In The Woods
by Tana French
(Book one of the Dublin Murder Squad series)
Ah-ha! Bet you thought I was gone, eh? Never to return to Tartlandia or my beloved Queen and comrades?
Well, if you thought that, then you’d be wrong. Everyone who didn’t think that, I applaud your loyalty, ’tis truly heartwarming. (That is to say, if I, the Baron, have a heart. Being a Baron, even of books, is a tough job. Sometimes heartlessness is required. Ask me about the heart-eating Wyverns that plagued a Barnes and Noble, sometime. It’s quite a tale).
So, if you recall, my fellow courtier The Page reviewed a book by the name of Broken Harbor. In The Woods is the first book in that series (Why do something in a linear fashion when we can do it squiggly and in stylish style?)
Anyways . . . .I went into this book with only the knowledge that it was some sort of psychological thriller. In The Woods focuses on Irish detective Rob Ryan and his partner Cassie Maddox, an unconventional and extremely endearing pair of most definitely messed up people. (Really, messed up people are the best, because if you get out of this life in a vaguely normal fashion, you probably missed something somewhere). The book is told from Rob’s point of view, and it gives a wonderfully complex look into his mind.
The synopsis gives a helpful hint of the book, in that twenty years prior, when Rob was only twelve years old, he and his two best friends went off into the wood near their tiny town of Knocknaree, as they were apt to do. They did not come home, however. A dedicated search party would find only the young Adam Robert Ryan, his back pressed against a tree, fingernails digging into the bark, blood on his shoes. He had no recollection of what had happened to his two best friends. No trace of either was ever found.
Fast-forward twenty years to 2004, Adam Ryan switched to his middle name (hence the Rob Ryan) in an effort to avoid the publicity that had come with such a case as his. Three children missing in 1984 in a small Irish town, only one ever found? The story had swept the country.
Rob did not, as you might think, go on to become a detective in some attempt to solve his own case. He explains his reasoning quite plainly in the first chapter, mentioning a time when he observed two murder detectives talking amongst themselves on how to deal with a case, observing their careful planning on how to make a suspect crack.
“It was these arcana I craved, these near-invisible textures like a Braille legible only to the initiated. They were like thoroughbreds, those two Murder detectives passing through Ballygobackwards; like trapeze artists honed to a sizzling shine. They played for the highest stakes, and they were experts at their game.”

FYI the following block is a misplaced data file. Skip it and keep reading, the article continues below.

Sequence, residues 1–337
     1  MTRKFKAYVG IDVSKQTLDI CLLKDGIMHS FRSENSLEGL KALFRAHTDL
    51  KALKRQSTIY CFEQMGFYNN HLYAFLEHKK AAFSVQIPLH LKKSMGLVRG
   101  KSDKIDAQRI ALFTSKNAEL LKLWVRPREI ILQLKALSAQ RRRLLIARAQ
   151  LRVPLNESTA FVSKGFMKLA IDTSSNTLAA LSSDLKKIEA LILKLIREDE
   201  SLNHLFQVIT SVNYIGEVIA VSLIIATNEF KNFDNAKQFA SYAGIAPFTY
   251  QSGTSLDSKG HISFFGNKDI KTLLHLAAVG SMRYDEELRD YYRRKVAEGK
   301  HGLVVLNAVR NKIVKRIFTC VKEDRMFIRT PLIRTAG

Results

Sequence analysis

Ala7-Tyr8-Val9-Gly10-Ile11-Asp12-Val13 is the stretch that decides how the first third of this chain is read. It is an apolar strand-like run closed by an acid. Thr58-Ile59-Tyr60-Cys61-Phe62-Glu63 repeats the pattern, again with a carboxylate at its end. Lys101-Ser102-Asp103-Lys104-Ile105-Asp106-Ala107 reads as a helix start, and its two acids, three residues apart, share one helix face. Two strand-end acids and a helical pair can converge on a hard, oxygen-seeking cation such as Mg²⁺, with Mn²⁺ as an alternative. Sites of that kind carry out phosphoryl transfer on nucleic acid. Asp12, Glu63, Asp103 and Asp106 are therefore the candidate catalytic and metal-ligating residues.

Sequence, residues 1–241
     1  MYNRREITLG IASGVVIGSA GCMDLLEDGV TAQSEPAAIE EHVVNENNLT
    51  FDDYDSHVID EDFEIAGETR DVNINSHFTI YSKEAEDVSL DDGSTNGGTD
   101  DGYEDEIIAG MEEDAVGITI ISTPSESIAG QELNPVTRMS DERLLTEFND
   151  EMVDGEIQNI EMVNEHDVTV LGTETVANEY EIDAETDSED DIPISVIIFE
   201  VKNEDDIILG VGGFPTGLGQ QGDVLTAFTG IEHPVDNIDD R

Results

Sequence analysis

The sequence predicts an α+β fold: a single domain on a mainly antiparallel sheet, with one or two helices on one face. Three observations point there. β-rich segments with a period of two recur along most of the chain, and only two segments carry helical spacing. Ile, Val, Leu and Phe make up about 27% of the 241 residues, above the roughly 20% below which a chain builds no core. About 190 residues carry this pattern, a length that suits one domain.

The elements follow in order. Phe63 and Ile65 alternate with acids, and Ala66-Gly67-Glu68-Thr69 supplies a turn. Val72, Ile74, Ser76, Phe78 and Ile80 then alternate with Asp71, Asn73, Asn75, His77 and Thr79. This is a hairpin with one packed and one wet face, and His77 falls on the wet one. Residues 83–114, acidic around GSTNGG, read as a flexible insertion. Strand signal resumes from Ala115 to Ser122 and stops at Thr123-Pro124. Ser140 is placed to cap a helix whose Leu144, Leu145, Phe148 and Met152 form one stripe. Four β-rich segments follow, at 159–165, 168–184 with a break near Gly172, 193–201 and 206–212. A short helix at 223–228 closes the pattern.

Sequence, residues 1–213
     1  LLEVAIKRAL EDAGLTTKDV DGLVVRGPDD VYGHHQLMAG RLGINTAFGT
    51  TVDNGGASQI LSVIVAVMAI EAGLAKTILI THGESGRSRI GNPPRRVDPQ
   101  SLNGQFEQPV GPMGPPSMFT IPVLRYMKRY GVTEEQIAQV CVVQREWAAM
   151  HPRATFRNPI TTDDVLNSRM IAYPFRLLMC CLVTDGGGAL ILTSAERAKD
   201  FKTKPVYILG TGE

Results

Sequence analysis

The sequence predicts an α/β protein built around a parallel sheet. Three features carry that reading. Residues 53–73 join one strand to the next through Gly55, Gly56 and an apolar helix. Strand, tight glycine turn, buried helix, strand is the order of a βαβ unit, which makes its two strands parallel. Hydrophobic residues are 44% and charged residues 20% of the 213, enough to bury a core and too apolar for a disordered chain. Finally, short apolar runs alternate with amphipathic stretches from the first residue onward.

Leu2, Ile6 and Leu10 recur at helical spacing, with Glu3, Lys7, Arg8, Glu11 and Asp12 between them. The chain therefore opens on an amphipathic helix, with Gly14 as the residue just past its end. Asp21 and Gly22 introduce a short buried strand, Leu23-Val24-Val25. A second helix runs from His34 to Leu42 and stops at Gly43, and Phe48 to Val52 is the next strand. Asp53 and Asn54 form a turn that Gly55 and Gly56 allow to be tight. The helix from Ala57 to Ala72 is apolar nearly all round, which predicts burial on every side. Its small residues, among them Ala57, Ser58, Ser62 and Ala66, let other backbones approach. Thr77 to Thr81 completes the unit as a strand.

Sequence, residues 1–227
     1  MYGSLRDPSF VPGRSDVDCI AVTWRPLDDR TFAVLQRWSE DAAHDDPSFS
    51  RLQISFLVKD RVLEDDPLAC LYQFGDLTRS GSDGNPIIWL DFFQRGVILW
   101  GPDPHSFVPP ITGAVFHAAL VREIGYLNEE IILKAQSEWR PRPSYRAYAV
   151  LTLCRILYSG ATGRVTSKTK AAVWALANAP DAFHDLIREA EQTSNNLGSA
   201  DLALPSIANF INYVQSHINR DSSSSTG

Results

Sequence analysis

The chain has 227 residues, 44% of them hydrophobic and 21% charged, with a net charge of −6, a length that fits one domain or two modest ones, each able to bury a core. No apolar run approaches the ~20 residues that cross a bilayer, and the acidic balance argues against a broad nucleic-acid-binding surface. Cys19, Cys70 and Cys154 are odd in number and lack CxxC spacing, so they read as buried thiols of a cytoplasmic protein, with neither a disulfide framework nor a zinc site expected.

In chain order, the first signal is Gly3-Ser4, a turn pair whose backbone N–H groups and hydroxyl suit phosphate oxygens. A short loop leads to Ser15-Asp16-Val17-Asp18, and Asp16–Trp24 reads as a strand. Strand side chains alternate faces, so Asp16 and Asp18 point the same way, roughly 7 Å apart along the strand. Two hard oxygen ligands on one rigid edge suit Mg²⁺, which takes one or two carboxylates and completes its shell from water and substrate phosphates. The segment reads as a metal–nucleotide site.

Now 2004, Rob is a detective on the Murder Squad, his partner the only female detective in their unit. And let me make this abundantly clear, the interactions between Rob and Cassie are one of the absolute highlights of this book. Their relationship doesn’t exactly defy expectations (half the squad thinks they’re sleeping with each other, which they are not), so much as go on to prove that such expectations are clearly shallow. Their friendship is a beautiful, fiery thing, and watching them at work in the book was truly a pleasure. However, it is put to the test when they land a case involving a young murdered girl. And wouldn’tcha know it, its in Knocknaree, Rob’s old town.
Things immediately get dicey, Rob hasn’t told many people about his past, Cassie being one of the few. After viewing the crime scene, which happens to be an archeology dig in had once been the very same wood he and his friends had disappeared in, it rings in their heads that perhaps they should tell their Superintendent that Rob was centrally involved in a case that had happened in the very same area. Something, though, clicks on Rob’s mind, and he holds off.
From there on, the pair try to solve the case of a murdered little girl, dodging into conspiracy territory and even a bit of politics, hunting for the elusive killer and even more elusive motive. And again, what I remember most fondly is the interactions between Rob and Cassie. The two have a pleasant, snarky back-and-forth in both public and private. Interviewing suspects is a definite act of theatre, and the pair of them are admirably good at it, sliding questions into the conversation in-between chatting about what sort of pizza to order.
“Go on, have some. You should keep your strength up; we’re going to be here for a while.” Pizza rarely sounds terrifying, but when Rob and Cassie use it as a weapon, it certainly takes on that aura.
Now I must confess, I actually found this book a bit hard to get through. The characters are messed up, traumatized and most definitely gave me the urge to strangle them once or twice as I couldn’t understand some of their decisions. But then, I think, that’s a good thing. Because if I cared enough to get angry when I saw them screw up . . . well, it’s a fair bet I was into the book up to my neck, then.
What else can I say? Good book, worth the time, give it a read?
All of the above.
The Baron of Books